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Without training in firearms or first aid, Maxey spent his first four years as deputy transporting inmates between area courthouses and jail with his partner, Edward Grizzard. They were the only two city sergeants charged with the task. The vans they drove had no radios to relay trouble and, likewise, there were no leg irons for prisoners only handcuffs.
There were no breaks on their watch, but there was a close call.
One morning, back when Judge Moscoe Huntley presided over a second-floor courtroom in Old City Hall, Maxey and Grizzard were escorting inmates in two groups from a van on Broad Street to Huntley's court. Maxey took the first set. But when he returned to meet his partner, he found mayhem. Uncuffed from lockup, one of the prisoners attempted to flee. When Grizzard tried to stop him, the inmate slashed Maxey's partner in the back of the neck with razor blades he'd managed to hide. Thanks to Maxey, no prisoners escaped, but Grizzard's injuries took him out of the job for a year.
Decades have passed since then. And when Maxey looks back on his career, he sees judges and criminals and a courthouse connecting them. And those who know him say his ability to marshal quiet strength and treat everyone with respect made him a model sheriff's deputy.
In 1955, Maxey graduated from John Marshall High School and found work at a meatpacking plant on Overbrook Road. When the company closed seven years later, Maxey was out of a job, a situation he hasn't been in since until now.
Maxey, 69, retired July 7 after 44 years with the Richmond Sheriff's Department. He's spent more time at his post as deputy than any person in the department's history.
His tenure goes back to a time when the city jail was located at Deep Water Terminal on the South Side, not far from where the Philip Morris plant is today. The Richmond sheriff, Frank A. Cavedo, and his deputies were called city sergeants then. (Cavedo's grandson, Bradley B. Cavedo, is now a Richmond Circuit Court judge.)
Maxey witnessed the construction of the Richmond City Jail on Fairfield Way 41 years ago. Originally, he recalls, 40 or so inmates were kept to a tier; each now holds more than 100. In his time spent as a sheriff's deputy, the number of inmates has tripled.
Soon after the new jail was built, Maxey was transferred to Manchester Courthouse, where he's served for 38 years. He meets a reporter on a recent afternoon in a dusty-blue courtroom with blue leather chairs Maxey points to one he occupied for a decade. The room has an antiquated, small-town feel. Portraits of judges line the walls.
"Each individual has a different situation that brings him to court. And many are mad before they get here," Maxey says. "But if you can more or less point them in the right direction and treat them with respect, it helps to hold the dam."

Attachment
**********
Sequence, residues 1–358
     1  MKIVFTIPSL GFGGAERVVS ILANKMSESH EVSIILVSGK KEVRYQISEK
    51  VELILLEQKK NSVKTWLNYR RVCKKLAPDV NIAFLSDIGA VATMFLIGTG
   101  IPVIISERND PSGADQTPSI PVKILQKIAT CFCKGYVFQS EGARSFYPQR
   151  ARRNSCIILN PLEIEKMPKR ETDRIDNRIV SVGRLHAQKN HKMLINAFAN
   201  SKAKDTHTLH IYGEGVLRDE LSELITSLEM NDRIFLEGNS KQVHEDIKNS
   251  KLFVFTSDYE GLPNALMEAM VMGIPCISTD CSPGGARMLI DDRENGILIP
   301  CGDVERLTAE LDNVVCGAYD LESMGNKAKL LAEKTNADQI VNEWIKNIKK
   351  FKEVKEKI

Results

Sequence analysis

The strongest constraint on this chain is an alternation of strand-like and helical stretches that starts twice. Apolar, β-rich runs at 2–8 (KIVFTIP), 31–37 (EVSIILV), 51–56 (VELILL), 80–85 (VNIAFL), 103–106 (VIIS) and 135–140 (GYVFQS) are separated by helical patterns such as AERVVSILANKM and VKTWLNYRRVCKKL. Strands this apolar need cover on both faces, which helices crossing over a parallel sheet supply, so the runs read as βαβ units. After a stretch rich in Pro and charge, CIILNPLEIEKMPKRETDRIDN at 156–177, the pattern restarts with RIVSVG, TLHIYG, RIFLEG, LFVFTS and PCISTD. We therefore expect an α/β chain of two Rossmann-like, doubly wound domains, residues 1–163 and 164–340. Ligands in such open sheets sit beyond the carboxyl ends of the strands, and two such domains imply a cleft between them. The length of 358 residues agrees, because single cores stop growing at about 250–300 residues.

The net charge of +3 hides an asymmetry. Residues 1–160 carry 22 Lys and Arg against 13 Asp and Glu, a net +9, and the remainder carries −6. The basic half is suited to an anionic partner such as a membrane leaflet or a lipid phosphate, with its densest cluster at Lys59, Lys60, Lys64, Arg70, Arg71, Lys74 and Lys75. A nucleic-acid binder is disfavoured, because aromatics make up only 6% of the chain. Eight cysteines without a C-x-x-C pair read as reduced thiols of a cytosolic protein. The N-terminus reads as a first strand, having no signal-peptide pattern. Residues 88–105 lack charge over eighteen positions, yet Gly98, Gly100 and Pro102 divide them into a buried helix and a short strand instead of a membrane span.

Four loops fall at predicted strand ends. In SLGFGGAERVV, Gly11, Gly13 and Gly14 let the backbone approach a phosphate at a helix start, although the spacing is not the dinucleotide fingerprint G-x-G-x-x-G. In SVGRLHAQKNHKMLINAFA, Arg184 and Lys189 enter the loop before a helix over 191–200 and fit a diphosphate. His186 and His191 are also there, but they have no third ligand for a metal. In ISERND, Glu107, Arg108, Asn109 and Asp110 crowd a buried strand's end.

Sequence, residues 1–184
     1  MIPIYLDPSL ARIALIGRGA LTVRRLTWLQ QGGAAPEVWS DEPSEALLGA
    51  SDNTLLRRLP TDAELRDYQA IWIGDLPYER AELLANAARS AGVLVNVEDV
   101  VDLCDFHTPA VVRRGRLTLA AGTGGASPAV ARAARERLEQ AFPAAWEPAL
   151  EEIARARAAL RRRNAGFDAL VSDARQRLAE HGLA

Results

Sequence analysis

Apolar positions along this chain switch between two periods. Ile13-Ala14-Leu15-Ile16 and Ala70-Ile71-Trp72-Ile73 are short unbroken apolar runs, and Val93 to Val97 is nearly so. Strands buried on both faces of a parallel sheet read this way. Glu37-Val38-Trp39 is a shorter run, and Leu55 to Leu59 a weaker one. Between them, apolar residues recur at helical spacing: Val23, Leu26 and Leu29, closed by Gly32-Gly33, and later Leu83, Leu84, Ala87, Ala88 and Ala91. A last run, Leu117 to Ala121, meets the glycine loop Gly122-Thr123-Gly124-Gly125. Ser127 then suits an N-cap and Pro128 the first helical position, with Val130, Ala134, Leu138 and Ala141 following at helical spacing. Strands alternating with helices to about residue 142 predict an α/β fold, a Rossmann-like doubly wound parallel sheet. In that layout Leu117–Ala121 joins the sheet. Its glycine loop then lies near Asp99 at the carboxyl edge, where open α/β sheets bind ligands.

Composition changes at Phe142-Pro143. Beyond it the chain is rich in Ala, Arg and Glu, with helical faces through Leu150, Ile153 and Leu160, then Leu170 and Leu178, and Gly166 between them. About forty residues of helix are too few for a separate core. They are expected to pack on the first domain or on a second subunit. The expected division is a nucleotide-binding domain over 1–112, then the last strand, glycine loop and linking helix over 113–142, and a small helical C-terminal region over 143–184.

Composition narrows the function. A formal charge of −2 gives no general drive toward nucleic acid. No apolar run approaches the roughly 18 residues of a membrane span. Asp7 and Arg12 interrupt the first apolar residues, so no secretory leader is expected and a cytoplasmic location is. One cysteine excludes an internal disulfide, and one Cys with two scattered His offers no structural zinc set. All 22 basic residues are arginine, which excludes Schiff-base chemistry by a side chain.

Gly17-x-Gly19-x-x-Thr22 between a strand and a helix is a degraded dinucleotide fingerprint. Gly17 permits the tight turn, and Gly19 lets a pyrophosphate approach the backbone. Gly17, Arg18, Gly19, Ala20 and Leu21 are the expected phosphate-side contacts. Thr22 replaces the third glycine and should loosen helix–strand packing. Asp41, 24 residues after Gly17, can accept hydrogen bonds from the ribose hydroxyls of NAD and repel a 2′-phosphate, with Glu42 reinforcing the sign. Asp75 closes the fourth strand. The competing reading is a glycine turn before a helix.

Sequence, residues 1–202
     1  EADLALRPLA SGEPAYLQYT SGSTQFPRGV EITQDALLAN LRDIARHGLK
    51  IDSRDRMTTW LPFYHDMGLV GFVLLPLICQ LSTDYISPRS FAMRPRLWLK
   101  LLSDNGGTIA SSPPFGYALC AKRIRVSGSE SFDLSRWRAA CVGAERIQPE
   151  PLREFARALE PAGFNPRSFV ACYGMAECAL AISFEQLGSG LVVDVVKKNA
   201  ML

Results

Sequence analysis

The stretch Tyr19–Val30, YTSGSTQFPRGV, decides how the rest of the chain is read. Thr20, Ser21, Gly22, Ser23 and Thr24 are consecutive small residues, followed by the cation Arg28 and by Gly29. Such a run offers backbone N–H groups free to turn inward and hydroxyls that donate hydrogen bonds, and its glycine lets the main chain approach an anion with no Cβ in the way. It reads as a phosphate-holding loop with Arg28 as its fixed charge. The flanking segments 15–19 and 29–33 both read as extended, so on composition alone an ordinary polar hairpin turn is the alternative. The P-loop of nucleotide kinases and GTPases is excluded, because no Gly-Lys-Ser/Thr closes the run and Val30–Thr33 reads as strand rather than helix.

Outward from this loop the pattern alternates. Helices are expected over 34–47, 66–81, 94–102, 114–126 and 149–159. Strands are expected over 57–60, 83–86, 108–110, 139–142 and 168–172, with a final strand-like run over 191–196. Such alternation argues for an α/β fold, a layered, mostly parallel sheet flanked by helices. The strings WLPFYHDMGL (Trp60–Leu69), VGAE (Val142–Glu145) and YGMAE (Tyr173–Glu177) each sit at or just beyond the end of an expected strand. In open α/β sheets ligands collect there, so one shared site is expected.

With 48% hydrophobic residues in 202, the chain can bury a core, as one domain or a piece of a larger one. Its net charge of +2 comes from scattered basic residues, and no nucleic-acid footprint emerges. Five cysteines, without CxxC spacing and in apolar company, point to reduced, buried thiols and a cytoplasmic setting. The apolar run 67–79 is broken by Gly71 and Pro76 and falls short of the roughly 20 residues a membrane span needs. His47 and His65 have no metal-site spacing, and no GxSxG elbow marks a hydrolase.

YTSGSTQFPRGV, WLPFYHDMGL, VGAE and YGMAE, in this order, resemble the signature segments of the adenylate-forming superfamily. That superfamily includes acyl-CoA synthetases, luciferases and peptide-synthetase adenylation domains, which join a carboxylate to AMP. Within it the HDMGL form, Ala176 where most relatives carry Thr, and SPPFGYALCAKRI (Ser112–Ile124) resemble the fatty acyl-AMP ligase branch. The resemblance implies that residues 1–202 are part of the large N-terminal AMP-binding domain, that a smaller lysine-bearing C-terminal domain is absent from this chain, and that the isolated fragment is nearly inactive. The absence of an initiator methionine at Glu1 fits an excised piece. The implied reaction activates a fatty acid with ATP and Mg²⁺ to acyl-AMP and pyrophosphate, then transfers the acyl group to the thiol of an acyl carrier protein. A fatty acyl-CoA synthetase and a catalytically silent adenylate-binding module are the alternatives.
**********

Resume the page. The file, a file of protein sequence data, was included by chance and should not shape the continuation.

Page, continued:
When asked why he's stayed so long in one place, Maxey simply replies: "It's had its ups and downs but it's always been a real pleasure."
You get a sense he means it. He stands tall and talks quiet, exuding a natural assurance. If he were cast in the movie "The Shawshank Redemption," he'd be more suited to play Tim Robbins' character, Andy Dufresne, than an intimidating prison guard.
"He's very even-tempered but strong physically," says Patricia Maxey, his wife of 42 years. He took care not to bring his work home. "I know he held things in, wanting to keep a lot of it from me," she says. Maxey would come home and play with his two daughters and work in the garden. He spent 15 years as a clerk at Ukrop's James Ukrop was a classmate and friend of Maxey's so he could put his daughters through college.
Richmond Sheriff C.T. Woody says Maxey will be a hard act to follow. The two have known each other for years, back when Woody was a homicide detective with Richmond Police.
"I've never seen a situation he couldn't handle," Woody says of Maxey's acuity. What's more, he adds: "He's humble and has a heart. He didn't want to be a captain or a lieutenant or a sheriff, just himself."
Maxey plans to spend most of his retirement time baby-sitting two granddaughters, ages 5 and 1. What's left he'll apply to gardening and volunteering. There's no place in particular he says he's dying to see or path he hopes to blaze. As he did with his career, he says he'll take his new life one day at a time.
"I learned that honesty and treating people with respect will carry you far," he says. "Maybe that's why it seems like I'm able to get along so well." SClick here for more News and Features